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False Friends in Spanish


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Do you understand the idea in language of False Friends? They are words that look similar in both English and Spanish, but have a DIFFERENT meaning.

Example: "sensible" in Spanish doesn't mean "sensible" in English, it means "sensitive"

Or "actualmente" looks like "actually" but no, it means "nowadays, right now"

Confusing, right? That's why they're called False Friends, because they seem to help you out but then leave you saying the wrong thing.

The most dangerous one in a pharmacy is "constipado"! And I'm not going to explain that one, language lovers, you have to check it out yourselves. :wink:

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I didn't know that this is the name for it, but yes, I saw some such words:P.

I do have the same with my native language being close to Serbian, which I'm learning right now. A lot of words are even completely the same sometimes, but mean something different...

Anyway, for that reasons, even when I'm mostly sure in the meaning, I still ask or check in dictionary. I didn't before, and it got me in few funny situations. For example for me it seemed that when people were actually saying that they are "displaying" (items in craft show) they were actually saying that they are "lying" about something...it was funny when I understood my mistake:).

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These words are awful, especially in Spanish considering how many true cognates there are when compared to English.  A couple that I know would be fabricas (factories) and maleta (suitcase).  Cognates help me out a lot, so finding false friends pretty much ruins my day haha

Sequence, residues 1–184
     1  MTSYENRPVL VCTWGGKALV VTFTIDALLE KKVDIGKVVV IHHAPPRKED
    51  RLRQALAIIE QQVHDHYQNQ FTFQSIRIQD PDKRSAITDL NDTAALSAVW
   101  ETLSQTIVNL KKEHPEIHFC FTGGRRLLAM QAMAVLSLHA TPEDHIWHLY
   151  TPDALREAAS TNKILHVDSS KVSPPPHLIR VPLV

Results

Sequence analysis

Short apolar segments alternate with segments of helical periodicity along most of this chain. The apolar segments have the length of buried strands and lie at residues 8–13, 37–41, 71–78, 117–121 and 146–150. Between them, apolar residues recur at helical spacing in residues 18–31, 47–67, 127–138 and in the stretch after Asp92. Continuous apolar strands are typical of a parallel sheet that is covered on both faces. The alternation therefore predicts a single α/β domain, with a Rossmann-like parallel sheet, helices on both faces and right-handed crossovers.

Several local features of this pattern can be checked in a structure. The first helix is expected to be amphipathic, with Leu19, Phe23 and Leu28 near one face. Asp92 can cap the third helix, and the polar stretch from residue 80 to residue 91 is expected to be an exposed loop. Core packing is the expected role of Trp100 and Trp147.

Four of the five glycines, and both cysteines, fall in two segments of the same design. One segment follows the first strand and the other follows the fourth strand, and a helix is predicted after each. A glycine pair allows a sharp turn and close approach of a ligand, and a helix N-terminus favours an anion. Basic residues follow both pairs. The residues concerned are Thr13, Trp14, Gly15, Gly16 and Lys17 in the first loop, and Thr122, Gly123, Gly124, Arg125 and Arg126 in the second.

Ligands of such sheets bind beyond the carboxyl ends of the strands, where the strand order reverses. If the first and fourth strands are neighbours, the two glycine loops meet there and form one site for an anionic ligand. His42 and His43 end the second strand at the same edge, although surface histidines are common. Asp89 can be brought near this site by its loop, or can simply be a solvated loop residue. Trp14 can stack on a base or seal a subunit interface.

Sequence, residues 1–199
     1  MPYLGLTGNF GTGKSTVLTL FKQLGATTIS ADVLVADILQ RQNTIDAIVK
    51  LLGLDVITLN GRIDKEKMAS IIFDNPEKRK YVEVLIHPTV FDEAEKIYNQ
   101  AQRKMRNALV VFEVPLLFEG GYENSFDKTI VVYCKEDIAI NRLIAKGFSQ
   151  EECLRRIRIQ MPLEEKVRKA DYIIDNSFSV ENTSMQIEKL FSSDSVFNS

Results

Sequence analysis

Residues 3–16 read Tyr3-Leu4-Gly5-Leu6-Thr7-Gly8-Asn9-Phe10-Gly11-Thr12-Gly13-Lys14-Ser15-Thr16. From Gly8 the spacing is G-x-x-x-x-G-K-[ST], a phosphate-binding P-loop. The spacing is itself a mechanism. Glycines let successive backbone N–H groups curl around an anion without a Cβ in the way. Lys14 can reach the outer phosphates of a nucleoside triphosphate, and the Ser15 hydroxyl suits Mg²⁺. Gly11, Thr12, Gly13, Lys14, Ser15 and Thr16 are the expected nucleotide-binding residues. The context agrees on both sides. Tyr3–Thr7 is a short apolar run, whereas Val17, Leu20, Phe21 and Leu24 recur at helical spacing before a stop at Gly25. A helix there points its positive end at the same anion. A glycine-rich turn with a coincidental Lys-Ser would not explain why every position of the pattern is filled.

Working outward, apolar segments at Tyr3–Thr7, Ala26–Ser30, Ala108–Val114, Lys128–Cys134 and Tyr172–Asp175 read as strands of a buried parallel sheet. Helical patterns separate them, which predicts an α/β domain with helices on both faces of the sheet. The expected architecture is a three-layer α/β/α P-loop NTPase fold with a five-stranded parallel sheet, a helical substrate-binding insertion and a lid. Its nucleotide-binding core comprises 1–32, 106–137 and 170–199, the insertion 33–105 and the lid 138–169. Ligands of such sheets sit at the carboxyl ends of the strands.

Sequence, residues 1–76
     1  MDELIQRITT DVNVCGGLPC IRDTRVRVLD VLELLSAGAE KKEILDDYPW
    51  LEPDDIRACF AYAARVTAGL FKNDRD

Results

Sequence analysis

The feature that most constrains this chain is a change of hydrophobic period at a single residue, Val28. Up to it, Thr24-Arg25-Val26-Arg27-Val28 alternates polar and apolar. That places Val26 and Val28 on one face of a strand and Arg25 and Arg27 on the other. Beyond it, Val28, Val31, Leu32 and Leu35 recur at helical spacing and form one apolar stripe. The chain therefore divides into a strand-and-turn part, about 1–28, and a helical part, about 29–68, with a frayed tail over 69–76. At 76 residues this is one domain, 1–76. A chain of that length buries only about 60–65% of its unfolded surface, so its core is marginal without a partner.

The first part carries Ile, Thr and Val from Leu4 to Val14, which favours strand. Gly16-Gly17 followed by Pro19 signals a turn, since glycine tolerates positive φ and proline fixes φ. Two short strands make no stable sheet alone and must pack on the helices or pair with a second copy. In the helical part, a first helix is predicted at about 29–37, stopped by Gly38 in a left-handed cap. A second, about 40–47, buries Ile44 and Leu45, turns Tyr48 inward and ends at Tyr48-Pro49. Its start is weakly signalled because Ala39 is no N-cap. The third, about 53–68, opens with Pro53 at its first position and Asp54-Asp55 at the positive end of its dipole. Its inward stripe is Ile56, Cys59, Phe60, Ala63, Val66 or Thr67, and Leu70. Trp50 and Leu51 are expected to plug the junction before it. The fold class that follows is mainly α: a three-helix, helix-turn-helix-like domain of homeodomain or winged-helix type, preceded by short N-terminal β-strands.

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  • 10 months later...

Yes Constipado = Congested  , but if you know the root of the word and know that it is from Latin,

and also Constipated is from Latin.

But English is a strange language to compare to others, it didn't even have common rules for writing a word until very recently in a language point of view.

English is constructed of all the languages it has encountered and all the people and countries it has had dealing with in the past 800-1000 years.

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The one I find most amusing is constipado which means flu in Spanish but in English it would most likely be assumed to be constipation which is a bit more comedic since it deals with bowels and those tend to make for the most understandable jokes between nations and nationalities.

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Asistencia seems like it would be something about assistance or helping, but instead is attendance. Asistir is to attend and assist is ayudar.  It was confusing for a long time, but it's now the one word that I commonly mix up in English.  I'll often say "how was the assistance?" when asking about attendance.

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NEVER confuse the word embarrassment with the word embarazada. Why? Because embarazada means to be pregnant! If you want to express your embarrassment, use the word avergonzado. If you're a woman and tell your friends that you're embarazada instead of avergonzado, you might give them a shock or extremely confuse them. I'm not sure what the reaction will be if you're a man and you say that, but you'll probably end up confusing a lot of Spanish-speakers, too. Either way, don't make this mistake, to ensure that you don't get embarrassed a second time!

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You should also be careful with the word "excited", because in Spanish it usually means "sexually aroused". It can also be used to refer to a child who's having bursts of activity (maybe after eating too much sugar), but that meaning is not very frequent.

I've seen many funny misunderstandings with this one :)

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